93 Million Miles Jason Mraz (Poignant song that defines Prophecy for me)
Deep Peace Bill Douglas (This is the song Flora sings for Alex and Gryf’s wedding, and this version is exactly what she sounds like in my mind)
Desperado The Eagle’s (Who else thinks this is the perfect theme song for the “other couple” in Prophecy?)
The Longboats Enya (Alex and Nick’s first foray into space)
Heaven Can Wait Meatloaf (Nick’s theme song in Salvation)
Anthem of My Heart Robin Spielberg (Amazingly talented pianist! I have almost as much of her music on my iPod as I do Enya’s)
100 Years Five for Fighting
Starlight Muse
Dreams The Cranberries
Feel Again OneRepublic
Come With Me Now The Kongos (Making accordions are cool again!)

Bonus reveal: Chasing Cars Snow Patrol – This is Flora and Fander’s theme song for Collision (yes, really!), and frankly the most perfect song ever, imo. This is the acoustic version.
There are more, but I’ve reached my word count limit. Lol. Thank you for dropping by, and thank you to PNR for hosting me on your blog today!

SALVATION, Book Two of the Prophecy Series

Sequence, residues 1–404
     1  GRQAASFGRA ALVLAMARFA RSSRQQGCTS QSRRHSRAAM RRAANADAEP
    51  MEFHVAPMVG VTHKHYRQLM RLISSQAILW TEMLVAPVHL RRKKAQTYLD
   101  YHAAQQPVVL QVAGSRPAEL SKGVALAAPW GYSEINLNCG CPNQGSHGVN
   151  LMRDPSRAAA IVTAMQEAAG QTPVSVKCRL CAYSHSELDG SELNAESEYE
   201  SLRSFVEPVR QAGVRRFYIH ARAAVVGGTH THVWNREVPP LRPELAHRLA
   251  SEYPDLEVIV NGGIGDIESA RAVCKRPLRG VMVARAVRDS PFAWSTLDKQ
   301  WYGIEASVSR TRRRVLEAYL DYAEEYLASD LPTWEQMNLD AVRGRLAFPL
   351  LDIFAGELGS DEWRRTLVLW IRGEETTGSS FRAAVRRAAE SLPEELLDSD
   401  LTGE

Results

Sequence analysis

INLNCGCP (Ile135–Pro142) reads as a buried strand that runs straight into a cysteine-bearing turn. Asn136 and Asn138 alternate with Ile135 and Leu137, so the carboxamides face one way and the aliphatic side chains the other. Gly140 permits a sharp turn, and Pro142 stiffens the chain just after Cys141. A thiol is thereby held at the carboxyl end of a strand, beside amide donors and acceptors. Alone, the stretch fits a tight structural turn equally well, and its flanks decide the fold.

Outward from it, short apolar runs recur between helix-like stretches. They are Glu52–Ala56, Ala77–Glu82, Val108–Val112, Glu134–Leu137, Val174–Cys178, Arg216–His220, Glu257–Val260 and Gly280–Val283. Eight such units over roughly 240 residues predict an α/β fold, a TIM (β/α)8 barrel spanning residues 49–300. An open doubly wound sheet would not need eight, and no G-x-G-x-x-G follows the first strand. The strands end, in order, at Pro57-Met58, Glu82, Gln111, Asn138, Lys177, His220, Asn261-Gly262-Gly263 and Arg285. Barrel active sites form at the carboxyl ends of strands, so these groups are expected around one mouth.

A blessing and a curse…
Seven years ago, a single moment changed the course of Nicholaus Bock’s life forever—the moment his preternatural Gift to heal awakened in him. A gift that made him an invaluable commodity to the known galaxy. Now his mentor’s intriguing and secretive new student goes out of her way to challenge his loyalty to everything he values.
A dark secret…
After facing death and destruction during the Anferthian invasion, Sakura Yamata revels in her new-found Gift to heal. Helping Earth’s survivors keeps her mind off the loss of her family, and the memory of the terrible choices she made. Nick could penetrate her defenses and discover what she’s hiding. She must not let the handsome healer close enough for that to happen.
A race facing annihilation…
When a mysterious disease strikes the hidden sanctuary of the Anferthian dissenters, Nick and Sakura are called in to help. But someone is going to great lengths to ensure the dissenters don’t survive. Nick and Sakura must set aside their differences and work together to save them before the fragile peace between three worlds is shattered.